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Pyramid Quest – Review

EntwicklerX have made some great budget title games that call back to arcade classics although I am a huge fan of their MACE Tower Defence game. Pyramid Quest crosses over Pitfall, Spelunker, Spelunky and perhaps even Elevator Action. It is a traditional 2D platformer with 2.5D styled graphics at with its budget price, it manages to make a perfectly competent game.

The visuals are cute and retro to start with but with zero variation, all the levels start to bleed into each other.

Across 36 levels you’ll guide an explorer through maze like levels. In order to finish the level you’ll need to find all the pieces of an artefact or tome and then reach the exit. Along the way there are five types of coins you’ll want to pick up and you wont’ want to die and lose a life either if you want to three star each level. This is definitely one for the completionists and as levels often plop you in the middle of them at the start, you’ll need to comb each level for every passageway and switch to make sure you’ve got everything before you move on.

Controls largely work ok but there are some occasions where your jump doesn’t register or that you’ll have to jump so close to an edge to make the jump you walk off the edge instead. These are small inconsistencies but they do frustrate you because your character is a giant wimp. He can’t touch anything and just like Spelunker, the slightest fall kills you. This means making sure you land on every step on the way down a chute or else you’ll cop it. You can’t jump on or touch enemies either. Instead you have limited dagger throws to try and get rid of your foe. Most of the time you can jump over them and run away but sometimes its best to take them out. This is is usually when you have a couple of enemies bumping into each other and then causing you to mistime dodging falling blocks or a moving platform jump for example. You see in Pyramid Quest, things don’t line up exactly all the time so you have to wait for when they do, so clearing out enemies around there (especially bats and scorpions) is worth your while.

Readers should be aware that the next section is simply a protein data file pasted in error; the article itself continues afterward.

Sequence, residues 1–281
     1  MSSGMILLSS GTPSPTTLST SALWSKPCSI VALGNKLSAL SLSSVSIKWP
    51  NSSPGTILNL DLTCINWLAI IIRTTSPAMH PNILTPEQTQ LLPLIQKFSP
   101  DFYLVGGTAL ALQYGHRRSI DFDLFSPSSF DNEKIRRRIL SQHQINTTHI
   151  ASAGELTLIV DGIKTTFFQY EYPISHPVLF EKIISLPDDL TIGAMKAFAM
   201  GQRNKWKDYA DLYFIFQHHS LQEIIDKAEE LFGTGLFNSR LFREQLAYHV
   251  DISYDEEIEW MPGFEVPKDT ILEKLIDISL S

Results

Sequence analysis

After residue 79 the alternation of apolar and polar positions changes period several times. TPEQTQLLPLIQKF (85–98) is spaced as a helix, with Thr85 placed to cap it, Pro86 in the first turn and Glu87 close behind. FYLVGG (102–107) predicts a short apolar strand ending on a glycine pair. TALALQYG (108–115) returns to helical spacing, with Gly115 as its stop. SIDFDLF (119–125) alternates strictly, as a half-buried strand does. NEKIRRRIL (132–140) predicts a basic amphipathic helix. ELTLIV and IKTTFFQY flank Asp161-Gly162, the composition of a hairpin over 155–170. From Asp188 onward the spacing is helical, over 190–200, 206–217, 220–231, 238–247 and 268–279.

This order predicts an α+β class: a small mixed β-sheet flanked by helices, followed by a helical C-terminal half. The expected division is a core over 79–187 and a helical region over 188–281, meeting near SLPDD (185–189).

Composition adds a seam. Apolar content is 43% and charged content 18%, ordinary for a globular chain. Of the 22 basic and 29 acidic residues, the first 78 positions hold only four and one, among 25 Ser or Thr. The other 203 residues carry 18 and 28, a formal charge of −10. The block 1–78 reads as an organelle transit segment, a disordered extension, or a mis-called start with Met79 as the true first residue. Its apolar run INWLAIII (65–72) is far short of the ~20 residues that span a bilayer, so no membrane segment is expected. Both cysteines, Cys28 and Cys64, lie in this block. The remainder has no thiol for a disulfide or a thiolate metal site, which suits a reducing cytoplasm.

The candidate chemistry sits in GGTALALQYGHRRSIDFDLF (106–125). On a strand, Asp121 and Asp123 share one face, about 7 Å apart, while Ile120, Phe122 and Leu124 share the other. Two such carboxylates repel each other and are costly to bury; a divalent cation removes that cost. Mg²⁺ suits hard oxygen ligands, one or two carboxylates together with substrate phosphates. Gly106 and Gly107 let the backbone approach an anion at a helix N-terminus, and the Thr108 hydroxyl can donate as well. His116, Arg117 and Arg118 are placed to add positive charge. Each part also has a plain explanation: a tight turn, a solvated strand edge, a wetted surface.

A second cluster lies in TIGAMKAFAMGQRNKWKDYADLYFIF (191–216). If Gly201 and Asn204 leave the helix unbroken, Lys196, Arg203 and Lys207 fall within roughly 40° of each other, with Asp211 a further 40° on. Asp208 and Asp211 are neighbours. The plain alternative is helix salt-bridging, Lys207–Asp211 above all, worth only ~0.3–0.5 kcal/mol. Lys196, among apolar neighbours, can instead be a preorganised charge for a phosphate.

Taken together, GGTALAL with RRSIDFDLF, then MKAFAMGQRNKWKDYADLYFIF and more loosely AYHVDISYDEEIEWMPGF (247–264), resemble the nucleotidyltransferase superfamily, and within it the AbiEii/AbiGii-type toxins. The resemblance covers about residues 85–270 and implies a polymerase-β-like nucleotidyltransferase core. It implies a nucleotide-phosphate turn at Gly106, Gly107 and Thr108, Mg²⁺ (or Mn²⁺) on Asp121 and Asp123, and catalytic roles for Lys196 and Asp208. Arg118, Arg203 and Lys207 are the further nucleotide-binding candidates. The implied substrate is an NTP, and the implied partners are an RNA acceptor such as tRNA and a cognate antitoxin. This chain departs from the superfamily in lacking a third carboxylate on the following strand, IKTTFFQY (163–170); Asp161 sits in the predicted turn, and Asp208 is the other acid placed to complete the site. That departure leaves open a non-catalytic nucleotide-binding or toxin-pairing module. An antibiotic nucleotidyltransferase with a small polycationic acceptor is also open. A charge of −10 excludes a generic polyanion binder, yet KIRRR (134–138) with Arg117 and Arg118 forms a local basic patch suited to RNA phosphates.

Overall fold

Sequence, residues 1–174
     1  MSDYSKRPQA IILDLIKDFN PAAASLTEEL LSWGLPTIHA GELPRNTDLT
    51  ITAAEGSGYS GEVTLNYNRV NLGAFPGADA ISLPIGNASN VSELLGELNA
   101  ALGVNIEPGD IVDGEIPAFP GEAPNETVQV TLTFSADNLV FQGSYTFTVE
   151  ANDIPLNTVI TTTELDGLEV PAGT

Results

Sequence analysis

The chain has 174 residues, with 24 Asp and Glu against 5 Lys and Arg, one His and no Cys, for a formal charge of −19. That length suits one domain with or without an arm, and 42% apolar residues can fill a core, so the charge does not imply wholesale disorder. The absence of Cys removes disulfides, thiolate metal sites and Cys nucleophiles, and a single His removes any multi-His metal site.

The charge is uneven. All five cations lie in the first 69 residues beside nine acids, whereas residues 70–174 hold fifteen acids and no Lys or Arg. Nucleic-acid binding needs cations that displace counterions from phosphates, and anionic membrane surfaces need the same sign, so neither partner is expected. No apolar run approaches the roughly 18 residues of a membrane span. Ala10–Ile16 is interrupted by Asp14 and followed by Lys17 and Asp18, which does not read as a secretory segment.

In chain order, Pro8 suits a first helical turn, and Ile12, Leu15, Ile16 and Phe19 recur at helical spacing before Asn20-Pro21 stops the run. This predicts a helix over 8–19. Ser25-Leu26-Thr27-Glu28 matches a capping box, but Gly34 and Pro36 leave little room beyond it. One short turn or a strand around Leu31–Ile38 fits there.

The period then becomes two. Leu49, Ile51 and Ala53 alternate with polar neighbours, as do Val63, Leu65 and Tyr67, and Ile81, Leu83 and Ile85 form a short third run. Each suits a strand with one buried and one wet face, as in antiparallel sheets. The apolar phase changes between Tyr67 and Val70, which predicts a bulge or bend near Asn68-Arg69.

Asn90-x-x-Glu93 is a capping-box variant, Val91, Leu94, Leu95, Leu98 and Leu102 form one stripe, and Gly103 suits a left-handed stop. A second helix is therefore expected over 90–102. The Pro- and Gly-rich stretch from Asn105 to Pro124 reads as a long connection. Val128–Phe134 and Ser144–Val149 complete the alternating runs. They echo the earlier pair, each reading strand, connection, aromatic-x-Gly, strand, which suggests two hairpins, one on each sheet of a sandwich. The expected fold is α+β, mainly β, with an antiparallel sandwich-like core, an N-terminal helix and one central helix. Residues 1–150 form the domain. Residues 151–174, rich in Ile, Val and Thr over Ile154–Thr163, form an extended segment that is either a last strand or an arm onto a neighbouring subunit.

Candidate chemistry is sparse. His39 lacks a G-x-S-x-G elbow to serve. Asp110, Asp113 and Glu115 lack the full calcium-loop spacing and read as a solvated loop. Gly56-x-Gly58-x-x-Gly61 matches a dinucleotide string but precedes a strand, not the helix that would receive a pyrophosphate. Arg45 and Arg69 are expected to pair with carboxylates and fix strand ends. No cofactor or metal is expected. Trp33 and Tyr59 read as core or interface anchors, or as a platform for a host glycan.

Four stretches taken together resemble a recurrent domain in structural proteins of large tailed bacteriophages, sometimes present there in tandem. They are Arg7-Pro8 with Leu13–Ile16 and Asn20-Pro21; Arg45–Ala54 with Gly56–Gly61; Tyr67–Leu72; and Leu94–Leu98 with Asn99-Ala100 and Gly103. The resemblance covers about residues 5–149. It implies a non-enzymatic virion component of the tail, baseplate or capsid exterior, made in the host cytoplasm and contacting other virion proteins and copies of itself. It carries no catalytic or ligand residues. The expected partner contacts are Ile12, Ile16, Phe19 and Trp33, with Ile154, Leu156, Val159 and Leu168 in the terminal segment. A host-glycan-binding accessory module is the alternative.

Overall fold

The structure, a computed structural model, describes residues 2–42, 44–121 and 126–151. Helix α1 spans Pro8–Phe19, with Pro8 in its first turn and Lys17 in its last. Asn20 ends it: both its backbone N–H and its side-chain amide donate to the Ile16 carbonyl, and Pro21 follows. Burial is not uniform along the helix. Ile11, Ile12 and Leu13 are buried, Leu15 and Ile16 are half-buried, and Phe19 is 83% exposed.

Green gems mark regular checkpoints so if you die, and you will fall often, respawns aren’t too far away.

Whilst this all comes together quite nicely if a little rigidly early on, my main complaint with Pyramid Quest is that it doesn’t really evolve much across its 3-4 hours of initial gameplay. Levels rarely introduce new mechanics, they just get longer and more maze like. This leads to backtracking rather than trying something new and so what you are doing by level 6 is the same as level 36 – just with a few more arrows or boulders chasing you around. It doesn’t help that the quite nice pyramid theme has zero switch up graphically or musically across the entire game either.

This means that Pyramid Quest is perfectly functional but ultimately quite forgettable too. Fans of classic platformers will get the most out of the game although if you’ve got far on Spelunker or 1001 Spikes, you’ll find this game a breeze. Completionists will need to dig a little deeper to get every coin and three star each level but once your done, I can’t see many returning back. Not because it isn’t playable – it just doesn’t have character or charm. Pyramid Quest is an excellent example of a game that just needed a bit or personality to let you overlook its rigid gameplay a bit so you could really dig in. That, and a little more level variety too.

Review copy provided by developer.

Pyramid Quest
Final Thoughts
Totally serviceable retro platformer that lacks some level variation and personality.
Evokes Spelunker and Pitfall feels straight out the box.
A real collectathon that shows you just what's missing from where to spur you on.
Solid platforming for a budget title.
Levels all look and feel the same and so they blend into each other.
No big gameplay changes from beginning to end meaning the game doesn't feel like it grows as you do.
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